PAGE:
“….but it’s such a beautiful wall”.
There was a pause before he spoke and his words were the iron to my wrinkles. I was frustrated. The heat was turned up once more under the pan that is my hagweon and my personal situation here in South Korea.
I recently read an expat Korean blog. The story of how a girl takes her neighbours’ dog for a walk each day while living in the downtown area of her small Korean town. Of course her neighbour happens to be a monk so obviously they sit down and sip delicate green leaf tea (and not the not quite right brown rice version) exchange language lessons and as a result she becomes culturally enlightened in ways I can only dream.
I’ve been in Korea 6 months and yes I eat Korean food, sometimes on the floor and drink the not quite right brown rice green tea, although I am more likely to be found in one of its ca zillion coffee shops. I shop in supermarkets were things move like in a zoo and occasionally get laughed at by an ajumma at the market as I try to buy only 4 onions and not the basket holding 25 as I am only one person eating alone. I can bow and nod my head appropriately and try not to be loud on buses. When I need to get something done like visit the dentist I pluck up the courage and get ready to face the wall. The language barrier. This is my Korean cultural experience and it is one that is being experienced from one side of the wall because I have no helpers to get me get across. Despite the dog girl whose life I have just imagined here with words, I know I am not alone in feeling disconnected with Korea. There are people out there with co-workers and even Korean friends who still feel disconnected but I would like to think that at least a thread of connection can be gained through “helpers” but Aha! I may have found my own little helper. Well at least I think I have a rope to throw over the wall.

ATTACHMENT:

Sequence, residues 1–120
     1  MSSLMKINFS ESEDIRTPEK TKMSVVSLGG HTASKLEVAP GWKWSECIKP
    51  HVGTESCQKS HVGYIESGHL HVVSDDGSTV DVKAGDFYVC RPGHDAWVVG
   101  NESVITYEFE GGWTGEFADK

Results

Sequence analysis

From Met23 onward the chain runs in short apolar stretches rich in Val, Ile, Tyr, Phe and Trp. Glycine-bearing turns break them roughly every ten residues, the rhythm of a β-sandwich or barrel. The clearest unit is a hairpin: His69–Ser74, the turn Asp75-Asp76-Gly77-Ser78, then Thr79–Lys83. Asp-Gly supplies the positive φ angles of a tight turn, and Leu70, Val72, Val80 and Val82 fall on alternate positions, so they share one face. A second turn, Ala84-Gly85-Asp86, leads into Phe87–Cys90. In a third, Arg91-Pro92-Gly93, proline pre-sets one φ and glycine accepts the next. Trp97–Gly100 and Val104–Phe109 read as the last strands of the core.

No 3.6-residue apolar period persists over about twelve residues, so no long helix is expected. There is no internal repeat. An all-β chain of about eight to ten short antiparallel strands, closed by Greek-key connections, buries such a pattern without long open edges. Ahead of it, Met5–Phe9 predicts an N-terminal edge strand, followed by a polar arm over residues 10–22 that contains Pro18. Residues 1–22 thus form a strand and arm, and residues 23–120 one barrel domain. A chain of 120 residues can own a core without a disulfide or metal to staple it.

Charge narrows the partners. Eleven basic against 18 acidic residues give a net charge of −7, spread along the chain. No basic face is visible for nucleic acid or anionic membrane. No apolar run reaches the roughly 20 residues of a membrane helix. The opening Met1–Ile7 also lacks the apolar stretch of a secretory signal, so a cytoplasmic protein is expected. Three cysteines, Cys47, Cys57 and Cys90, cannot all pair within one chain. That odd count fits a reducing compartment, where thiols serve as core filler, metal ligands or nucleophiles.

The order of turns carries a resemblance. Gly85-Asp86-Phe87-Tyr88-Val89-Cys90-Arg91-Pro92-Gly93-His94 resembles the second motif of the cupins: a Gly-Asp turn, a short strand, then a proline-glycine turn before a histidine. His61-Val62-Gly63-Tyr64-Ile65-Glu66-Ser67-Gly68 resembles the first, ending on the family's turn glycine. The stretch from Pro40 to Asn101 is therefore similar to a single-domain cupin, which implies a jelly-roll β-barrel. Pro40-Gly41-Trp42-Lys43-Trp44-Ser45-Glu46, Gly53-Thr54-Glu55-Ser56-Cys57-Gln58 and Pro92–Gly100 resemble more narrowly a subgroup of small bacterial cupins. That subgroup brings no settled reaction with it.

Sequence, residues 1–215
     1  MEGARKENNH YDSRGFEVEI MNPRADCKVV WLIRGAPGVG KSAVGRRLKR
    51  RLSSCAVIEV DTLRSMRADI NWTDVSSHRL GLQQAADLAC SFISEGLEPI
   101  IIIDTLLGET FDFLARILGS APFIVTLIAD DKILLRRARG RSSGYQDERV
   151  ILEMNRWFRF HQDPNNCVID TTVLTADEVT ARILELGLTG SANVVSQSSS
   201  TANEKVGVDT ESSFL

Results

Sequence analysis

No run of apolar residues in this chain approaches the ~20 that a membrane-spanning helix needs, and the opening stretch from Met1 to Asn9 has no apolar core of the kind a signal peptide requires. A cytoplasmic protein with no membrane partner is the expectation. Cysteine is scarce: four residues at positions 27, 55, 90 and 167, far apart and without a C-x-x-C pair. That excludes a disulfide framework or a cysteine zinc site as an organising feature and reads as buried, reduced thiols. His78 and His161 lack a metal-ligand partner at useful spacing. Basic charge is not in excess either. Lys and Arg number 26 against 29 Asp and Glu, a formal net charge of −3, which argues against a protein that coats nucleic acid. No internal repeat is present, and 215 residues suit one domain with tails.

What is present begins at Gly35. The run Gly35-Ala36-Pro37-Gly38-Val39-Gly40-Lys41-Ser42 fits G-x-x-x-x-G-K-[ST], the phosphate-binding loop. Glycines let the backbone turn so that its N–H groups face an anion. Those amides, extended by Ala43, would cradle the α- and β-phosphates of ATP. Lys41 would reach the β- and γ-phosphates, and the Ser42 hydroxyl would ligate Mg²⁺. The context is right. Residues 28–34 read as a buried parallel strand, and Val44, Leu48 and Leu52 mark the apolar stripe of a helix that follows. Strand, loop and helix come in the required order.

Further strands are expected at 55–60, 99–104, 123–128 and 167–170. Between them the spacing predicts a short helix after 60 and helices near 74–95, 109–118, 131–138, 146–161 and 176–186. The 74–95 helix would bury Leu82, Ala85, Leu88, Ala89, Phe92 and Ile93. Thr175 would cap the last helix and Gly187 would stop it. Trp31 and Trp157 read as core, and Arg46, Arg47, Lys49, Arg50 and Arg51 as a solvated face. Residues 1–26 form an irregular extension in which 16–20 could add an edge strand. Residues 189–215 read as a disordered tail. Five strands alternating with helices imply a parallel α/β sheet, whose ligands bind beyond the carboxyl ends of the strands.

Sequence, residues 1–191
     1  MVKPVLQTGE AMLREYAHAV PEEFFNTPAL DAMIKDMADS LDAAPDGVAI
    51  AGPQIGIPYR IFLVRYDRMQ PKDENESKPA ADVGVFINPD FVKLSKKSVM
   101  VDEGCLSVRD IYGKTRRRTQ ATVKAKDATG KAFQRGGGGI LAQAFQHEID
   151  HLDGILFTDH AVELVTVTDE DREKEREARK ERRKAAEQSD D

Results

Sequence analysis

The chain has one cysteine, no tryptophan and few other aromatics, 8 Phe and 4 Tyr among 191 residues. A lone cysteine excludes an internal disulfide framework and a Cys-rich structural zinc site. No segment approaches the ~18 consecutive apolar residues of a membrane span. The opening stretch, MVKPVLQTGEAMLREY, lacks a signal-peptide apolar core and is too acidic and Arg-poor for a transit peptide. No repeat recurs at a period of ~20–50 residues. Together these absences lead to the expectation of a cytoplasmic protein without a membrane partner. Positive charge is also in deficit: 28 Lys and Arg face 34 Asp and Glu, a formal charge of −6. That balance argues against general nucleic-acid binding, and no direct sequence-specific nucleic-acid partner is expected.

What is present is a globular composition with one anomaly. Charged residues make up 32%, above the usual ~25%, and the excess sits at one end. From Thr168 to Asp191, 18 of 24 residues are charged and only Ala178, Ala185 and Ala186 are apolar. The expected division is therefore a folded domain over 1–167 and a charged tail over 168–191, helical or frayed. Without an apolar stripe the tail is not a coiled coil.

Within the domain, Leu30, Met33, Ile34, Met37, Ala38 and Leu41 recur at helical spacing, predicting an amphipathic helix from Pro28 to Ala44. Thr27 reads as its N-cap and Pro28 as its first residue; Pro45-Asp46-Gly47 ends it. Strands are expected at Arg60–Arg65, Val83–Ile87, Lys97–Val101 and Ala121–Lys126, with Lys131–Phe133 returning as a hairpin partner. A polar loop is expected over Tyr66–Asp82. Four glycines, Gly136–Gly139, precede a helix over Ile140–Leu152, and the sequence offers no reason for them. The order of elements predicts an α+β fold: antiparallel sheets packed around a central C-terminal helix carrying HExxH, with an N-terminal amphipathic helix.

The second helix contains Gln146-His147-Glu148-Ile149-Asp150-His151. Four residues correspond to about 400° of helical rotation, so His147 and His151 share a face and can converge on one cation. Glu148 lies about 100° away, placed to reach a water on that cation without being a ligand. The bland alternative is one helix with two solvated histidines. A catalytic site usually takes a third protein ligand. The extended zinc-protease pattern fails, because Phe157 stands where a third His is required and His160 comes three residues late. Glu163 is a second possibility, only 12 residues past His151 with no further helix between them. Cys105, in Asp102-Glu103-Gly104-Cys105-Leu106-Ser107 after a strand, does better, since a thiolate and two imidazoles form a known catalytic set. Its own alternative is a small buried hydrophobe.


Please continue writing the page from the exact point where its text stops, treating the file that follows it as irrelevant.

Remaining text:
We’d just begun a slow climb up Mt Osan to visit Saseongam Temple in Gurye, a little temple that is perched on the side of a small mountain. The conversation being batted backwards and forwards was the common debate, which is better, Japan or South Korea? There is this viewpoint that exists in a swing ball fashion that Japan is better. The language sounds nicer and the culture is better.
“How is it better?”
“The countryside is beautiful and the culture is richer”
“How is it richer?”
I don’t remember the answer and I still don’t know. How exactly is one culture richer? I will have to go to Japan but I was still left with what to do with my situation in Korea so I continued,
“Isn’t it the same in Japan? The shyness, the rigidness. There is such a wall.”
“….but it’s such a beautiful wall”
There it was. The wall. It stayed with me and when a couple of days later I watched Alain de Boton’s School of Life talk, Art as Therapy I realized what I need to do. I can create my own helper in the form of the culture I can get access to. Words, pictures, film and music. Its all here for anybody to see so I’m beginning to sling my rope across and take up the challenge of a new climb for I do believe that it is a beautiful wall.